4. The Corso Ruggero
Corso Ruggeo is the main artery of the historic district. Stop by if you don’t know what to do in Cefalù. The old quarter surrounded the city in medieval times. Today, it is a street beaten by thousands of tourists who came to admire the baroque palaces and churches and go shopping to bring back their memories to the country.
5. The Pescara Gate
In the Middle Ages and until the Renaissance, four gates were used to enter the city walls. Today, there is only one entrance left: the Pescara Gate, named after the man who had it built in 1570. Located in the old town, the gate is known for its frame, a Gothic arch in which you can see the sparkling blue of the sea licking the quays of the old port and the beach: come there in the evening or in the morning because in high season, parasols and tourists burning in the sun will perhaps spoil your view…
6. La Torre Caldura
Head for the east of Cefalù, where you can both take the height to contemplate the great blue licking the rugged coastline of the region, and bathe in the warm waters of the Tyrrhenian Sea. The cliff of Torre Caldura, at the end of Via Presidiana, is one of the best sites in Cefalù: it is a building whose remains date back to the 16th century.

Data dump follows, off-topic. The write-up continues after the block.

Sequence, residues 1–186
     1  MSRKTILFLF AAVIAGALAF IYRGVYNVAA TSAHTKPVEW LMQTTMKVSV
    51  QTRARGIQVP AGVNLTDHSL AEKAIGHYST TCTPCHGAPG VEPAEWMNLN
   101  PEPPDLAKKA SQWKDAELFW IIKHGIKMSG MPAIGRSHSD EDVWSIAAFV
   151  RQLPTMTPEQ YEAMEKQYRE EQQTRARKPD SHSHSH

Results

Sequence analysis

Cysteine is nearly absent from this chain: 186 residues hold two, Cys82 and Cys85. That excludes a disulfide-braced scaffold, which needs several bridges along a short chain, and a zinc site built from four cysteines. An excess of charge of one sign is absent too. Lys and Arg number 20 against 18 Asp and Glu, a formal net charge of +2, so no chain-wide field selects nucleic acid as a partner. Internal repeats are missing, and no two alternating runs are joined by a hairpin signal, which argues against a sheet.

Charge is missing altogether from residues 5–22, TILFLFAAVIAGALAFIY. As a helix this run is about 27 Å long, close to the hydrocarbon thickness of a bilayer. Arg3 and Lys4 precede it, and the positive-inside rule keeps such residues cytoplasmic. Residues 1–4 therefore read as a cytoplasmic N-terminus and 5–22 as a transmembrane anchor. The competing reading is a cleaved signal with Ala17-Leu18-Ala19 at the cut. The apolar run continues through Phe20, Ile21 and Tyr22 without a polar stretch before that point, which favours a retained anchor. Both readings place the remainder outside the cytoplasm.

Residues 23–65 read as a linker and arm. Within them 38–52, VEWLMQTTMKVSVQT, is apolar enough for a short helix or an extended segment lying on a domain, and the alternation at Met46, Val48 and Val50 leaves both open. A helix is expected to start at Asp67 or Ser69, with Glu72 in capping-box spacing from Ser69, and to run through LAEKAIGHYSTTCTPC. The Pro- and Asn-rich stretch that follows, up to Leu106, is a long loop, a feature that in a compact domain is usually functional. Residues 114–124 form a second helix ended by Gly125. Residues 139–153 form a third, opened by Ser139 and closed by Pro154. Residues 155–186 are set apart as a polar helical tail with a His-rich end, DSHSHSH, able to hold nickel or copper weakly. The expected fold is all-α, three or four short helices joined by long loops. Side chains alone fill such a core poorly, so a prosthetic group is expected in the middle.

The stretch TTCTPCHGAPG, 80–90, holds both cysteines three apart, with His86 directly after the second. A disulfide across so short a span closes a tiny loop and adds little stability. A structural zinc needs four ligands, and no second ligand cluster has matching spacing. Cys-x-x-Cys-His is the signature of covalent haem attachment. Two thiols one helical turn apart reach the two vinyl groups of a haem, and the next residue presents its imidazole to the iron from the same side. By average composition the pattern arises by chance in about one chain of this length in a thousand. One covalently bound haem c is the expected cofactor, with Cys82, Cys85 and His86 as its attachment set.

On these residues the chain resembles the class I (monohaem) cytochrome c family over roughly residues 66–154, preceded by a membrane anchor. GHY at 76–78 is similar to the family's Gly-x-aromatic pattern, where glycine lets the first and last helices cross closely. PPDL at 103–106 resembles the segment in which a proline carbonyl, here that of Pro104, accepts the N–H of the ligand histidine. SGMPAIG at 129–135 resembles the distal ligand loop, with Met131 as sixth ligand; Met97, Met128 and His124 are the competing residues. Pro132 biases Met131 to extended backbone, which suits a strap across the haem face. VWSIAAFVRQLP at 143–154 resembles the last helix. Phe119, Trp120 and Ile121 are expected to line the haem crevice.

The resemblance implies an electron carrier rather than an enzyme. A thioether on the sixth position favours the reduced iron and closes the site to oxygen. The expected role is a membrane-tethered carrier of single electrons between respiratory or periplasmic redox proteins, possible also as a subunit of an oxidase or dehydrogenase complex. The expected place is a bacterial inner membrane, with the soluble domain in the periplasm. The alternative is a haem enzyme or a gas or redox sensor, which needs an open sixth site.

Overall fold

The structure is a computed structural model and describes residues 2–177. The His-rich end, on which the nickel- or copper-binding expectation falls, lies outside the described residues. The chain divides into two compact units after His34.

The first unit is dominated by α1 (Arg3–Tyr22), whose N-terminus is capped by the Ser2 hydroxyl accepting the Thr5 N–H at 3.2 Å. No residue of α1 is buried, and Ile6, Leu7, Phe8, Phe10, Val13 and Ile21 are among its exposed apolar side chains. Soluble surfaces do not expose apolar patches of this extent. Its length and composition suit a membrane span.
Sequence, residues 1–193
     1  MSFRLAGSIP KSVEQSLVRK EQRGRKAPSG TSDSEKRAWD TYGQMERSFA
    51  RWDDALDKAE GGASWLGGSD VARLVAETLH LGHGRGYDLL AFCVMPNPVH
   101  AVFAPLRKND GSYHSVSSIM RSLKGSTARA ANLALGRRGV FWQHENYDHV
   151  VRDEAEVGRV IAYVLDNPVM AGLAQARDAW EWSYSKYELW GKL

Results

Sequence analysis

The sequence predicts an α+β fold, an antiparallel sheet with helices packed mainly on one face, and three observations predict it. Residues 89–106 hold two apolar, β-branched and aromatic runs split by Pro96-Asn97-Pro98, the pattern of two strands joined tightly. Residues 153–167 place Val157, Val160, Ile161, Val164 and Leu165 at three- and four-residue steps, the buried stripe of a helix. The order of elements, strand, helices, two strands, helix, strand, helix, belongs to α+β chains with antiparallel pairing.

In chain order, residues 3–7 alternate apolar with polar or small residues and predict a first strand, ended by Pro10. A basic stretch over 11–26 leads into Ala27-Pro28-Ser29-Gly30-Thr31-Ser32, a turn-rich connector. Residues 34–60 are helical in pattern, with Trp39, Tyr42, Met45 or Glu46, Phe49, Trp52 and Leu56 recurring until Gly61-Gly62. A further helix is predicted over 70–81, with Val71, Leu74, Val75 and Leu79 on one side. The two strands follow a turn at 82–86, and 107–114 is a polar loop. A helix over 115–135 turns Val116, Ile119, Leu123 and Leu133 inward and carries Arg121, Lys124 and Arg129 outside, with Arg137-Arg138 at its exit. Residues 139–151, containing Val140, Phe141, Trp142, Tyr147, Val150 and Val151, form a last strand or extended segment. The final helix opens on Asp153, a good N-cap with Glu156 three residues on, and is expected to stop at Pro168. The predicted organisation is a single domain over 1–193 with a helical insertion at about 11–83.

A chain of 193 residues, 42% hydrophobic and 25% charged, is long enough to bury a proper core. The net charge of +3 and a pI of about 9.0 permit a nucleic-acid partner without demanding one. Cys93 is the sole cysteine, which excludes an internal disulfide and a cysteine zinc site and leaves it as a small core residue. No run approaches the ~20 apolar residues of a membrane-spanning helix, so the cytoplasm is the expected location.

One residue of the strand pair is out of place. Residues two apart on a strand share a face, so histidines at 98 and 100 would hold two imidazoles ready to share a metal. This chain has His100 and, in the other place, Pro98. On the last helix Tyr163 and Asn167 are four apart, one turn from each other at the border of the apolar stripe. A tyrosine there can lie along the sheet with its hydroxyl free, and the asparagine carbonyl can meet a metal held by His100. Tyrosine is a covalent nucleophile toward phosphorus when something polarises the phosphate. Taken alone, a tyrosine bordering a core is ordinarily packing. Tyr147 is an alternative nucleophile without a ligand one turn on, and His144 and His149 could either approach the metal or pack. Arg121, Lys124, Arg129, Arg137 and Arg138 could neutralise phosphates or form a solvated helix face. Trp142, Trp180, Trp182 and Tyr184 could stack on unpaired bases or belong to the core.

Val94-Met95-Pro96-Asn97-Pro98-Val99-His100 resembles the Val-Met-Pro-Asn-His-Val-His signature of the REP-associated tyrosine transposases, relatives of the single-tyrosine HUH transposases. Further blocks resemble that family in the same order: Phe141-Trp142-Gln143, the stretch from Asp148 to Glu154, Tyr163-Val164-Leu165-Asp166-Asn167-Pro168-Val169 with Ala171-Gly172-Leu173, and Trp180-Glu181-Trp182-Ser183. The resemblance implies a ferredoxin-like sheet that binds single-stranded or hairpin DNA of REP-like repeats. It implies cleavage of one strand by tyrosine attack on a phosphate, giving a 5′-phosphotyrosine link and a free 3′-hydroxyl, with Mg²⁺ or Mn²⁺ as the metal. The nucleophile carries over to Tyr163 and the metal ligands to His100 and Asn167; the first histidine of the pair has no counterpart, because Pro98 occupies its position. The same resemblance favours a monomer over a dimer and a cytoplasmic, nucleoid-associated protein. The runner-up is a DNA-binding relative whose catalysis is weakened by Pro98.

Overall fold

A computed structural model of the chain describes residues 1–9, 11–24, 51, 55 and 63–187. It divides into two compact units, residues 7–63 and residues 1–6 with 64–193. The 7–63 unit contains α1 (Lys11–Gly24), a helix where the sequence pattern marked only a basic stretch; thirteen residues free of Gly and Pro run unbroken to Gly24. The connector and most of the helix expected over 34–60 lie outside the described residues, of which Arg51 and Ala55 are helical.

7. The Mandralisca Museum
The Mandralisca museum, located in the heart of the city, houses collections bequeathed to the city by Baron E. di Mandralisca, a rich 19th century collector. The visitor can see a vast collection of archaeological remains, including a crater from the 4th century BC, more than 20,000 majolica coins, numismatic coins and many paintings, including Antonello da Messina’s Ritratto d’Ignoto.
8. Lungomare di Cefalù
If you are by car or bicycle, go along the waterfront (Lungomare in Italian) to have unique views of the Rocca di Cefalù: there are several accesses to the beaches and coves to swim below. 90% of the beaches are made of fine sand, with the possibility of renting a deckchair and a parasol, which proves to be life-saving when the sun shines and transforms the beach into a plancha (except that it is you who are the fish…).
9. The beach of Cefalù
Be careful if you come in summer: the beach of Cefalù is a must if you come to visit Cefalù, but it promises to be taken by storm all day and you will be laying towel to towel. As an extension of the old town, soak in this sea similar to a lagoon of crystal clear waters, with the old medieval buildings as a backdrop is exquisite.
10. The Gibilmanna Sanctuary